Published May 13, 2016Quebec progressive death metal legends Gorguts just released their new EP, Pleiades' Dust, on Season of Mist. Following 2013's Colored Sands, the band's first album in 12 years, Pleiades' Dust sees Gorguts delving into some new compositional territory with a single 33-minute track. As founding member/frontman Luc Lemay tells Exclaim!, he wanted to do something challenging and try a new musical structure for the EP.
"I was always intrigued and fascinated by those one-song records, like I from Meshuggah or Chaining the Katechon from Deathspell Omega. And especially when I saw The Incident from Porcupine Tree live — I was really amazed and I said, 'I'd love to write something like this one day.' The idea stayed there and never left."
Having Pleiades' Dust be one long, cohesive track is special for him and although it's an EP, just as much thought and effort went into it as crafting a full-length. "I see this EP as just as important as all the full-lengths that we did. To me, this EP is an exercise in form and structure, so it was a challenge for composition and doing something new that the band never did before."
Pleiades' Dust has been divided up into several "movements," because of the lyrical concept. "It's been written as one full song, but I divided the lyrics into seven parts," he says. "When I found the topic, I then sat down with the music and I said, 'Okay, here I can talk about this and then the story will go from point A to B, B to C and so on.' You can see on the sleeve with the lyrics, it's divided into seven parts, but if you would isolate those seven parts, it doesn't work. I didn't want the song to feel like three or four songs put together and then sound clever in interviews saying we wrote a 33-minute song, that's not what I wanted to do."
Lyrically Pleiades' Dust explores the Islamic Golden Age.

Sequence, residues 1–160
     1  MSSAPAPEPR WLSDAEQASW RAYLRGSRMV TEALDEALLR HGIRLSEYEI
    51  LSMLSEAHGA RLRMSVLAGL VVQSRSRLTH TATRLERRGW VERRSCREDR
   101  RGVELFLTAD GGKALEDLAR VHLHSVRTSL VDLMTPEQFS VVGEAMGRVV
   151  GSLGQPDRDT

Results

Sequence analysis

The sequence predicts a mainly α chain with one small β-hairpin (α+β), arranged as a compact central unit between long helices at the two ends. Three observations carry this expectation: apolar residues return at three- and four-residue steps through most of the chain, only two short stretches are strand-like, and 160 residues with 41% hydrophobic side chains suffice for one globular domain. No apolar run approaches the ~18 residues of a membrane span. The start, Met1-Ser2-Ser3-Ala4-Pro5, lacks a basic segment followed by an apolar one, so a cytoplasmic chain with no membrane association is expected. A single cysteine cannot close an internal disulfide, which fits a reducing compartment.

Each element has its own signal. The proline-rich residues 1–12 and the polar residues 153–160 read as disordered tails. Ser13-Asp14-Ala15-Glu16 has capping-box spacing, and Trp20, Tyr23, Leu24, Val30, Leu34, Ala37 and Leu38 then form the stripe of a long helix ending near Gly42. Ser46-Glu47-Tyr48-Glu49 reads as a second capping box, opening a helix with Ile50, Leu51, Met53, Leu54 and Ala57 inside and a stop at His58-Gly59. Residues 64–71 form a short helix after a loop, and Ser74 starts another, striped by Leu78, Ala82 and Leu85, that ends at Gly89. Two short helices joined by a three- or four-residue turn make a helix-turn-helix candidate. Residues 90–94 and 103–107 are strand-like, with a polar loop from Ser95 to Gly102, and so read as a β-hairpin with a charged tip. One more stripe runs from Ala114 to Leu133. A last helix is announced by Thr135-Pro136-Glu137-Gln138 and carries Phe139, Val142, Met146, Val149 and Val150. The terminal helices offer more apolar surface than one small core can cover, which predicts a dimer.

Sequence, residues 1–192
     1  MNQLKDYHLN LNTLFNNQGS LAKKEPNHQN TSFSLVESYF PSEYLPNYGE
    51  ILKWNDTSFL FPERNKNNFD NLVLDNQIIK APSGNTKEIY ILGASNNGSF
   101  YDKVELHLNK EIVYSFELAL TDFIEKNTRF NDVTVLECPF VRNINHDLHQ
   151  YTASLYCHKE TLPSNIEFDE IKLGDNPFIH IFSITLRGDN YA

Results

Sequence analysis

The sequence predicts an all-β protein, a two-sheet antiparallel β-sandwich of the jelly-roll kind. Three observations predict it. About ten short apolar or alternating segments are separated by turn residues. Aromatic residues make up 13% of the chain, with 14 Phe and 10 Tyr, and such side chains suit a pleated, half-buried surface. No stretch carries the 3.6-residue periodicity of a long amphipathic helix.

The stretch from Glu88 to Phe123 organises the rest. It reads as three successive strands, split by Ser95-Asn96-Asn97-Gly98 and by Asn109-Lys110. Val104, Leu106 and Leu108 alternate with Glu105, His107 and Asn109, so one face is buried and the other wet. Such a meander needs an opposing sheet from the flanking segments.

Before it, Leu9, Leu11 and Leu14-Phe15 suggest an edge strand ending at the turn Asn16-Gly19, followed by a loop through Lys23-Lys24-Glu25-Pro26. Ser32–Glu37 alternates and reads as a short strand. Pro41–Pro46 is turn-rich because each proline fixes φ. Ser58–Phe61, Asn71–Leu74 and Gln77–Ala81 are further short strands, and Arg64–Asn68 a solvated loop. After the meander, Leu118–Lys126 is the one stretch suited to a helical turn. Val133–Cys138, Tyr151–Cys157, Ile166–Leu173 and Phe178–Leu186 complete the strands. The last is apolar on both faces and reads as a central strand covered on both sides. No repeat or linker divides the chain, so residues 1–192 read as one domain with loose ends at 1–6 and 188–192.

"This [EP] talks about a library, which was built in Baghdad and [existed] between the eighth and 13th centuries. The way the record starts, it's with the fall of Rome in 500-something and then Europe went into the Dark Ages. I talk about knowledge as if it was like a wandering person. So for some reason the knowledge reappeared in the Middle East, and there was a very strong movement of intellect there."
Much like the Tibetan theme on Colored Sands, Lemay did extensive research.
"If I didn't have a topic that fascinates me, I would rather do an instrumental record because the lyrics are very, very, very important to me. And I like to educate myself while writing the lyrics," he says. "Before I did Colored Sands, I didn't know anything about Tibet, I didn't know how they founded the Dalai Lama, I didn't know about all of the conflicts. So it's a great way to learn as well, and then when a topic really fascinates me, I read as much as I can about it."
When it comes to writing lyrics, Lemay says he prefers to take a more intellectual approach rather than utilizing the typical death metal conventions, which tend to be extremely negative and are often just an afterthought for bands.
"I think we've gone full circle talking about ripping body parts apart. And it's cool, but there are other things we can talk about."
Check out a full stream of the EP below.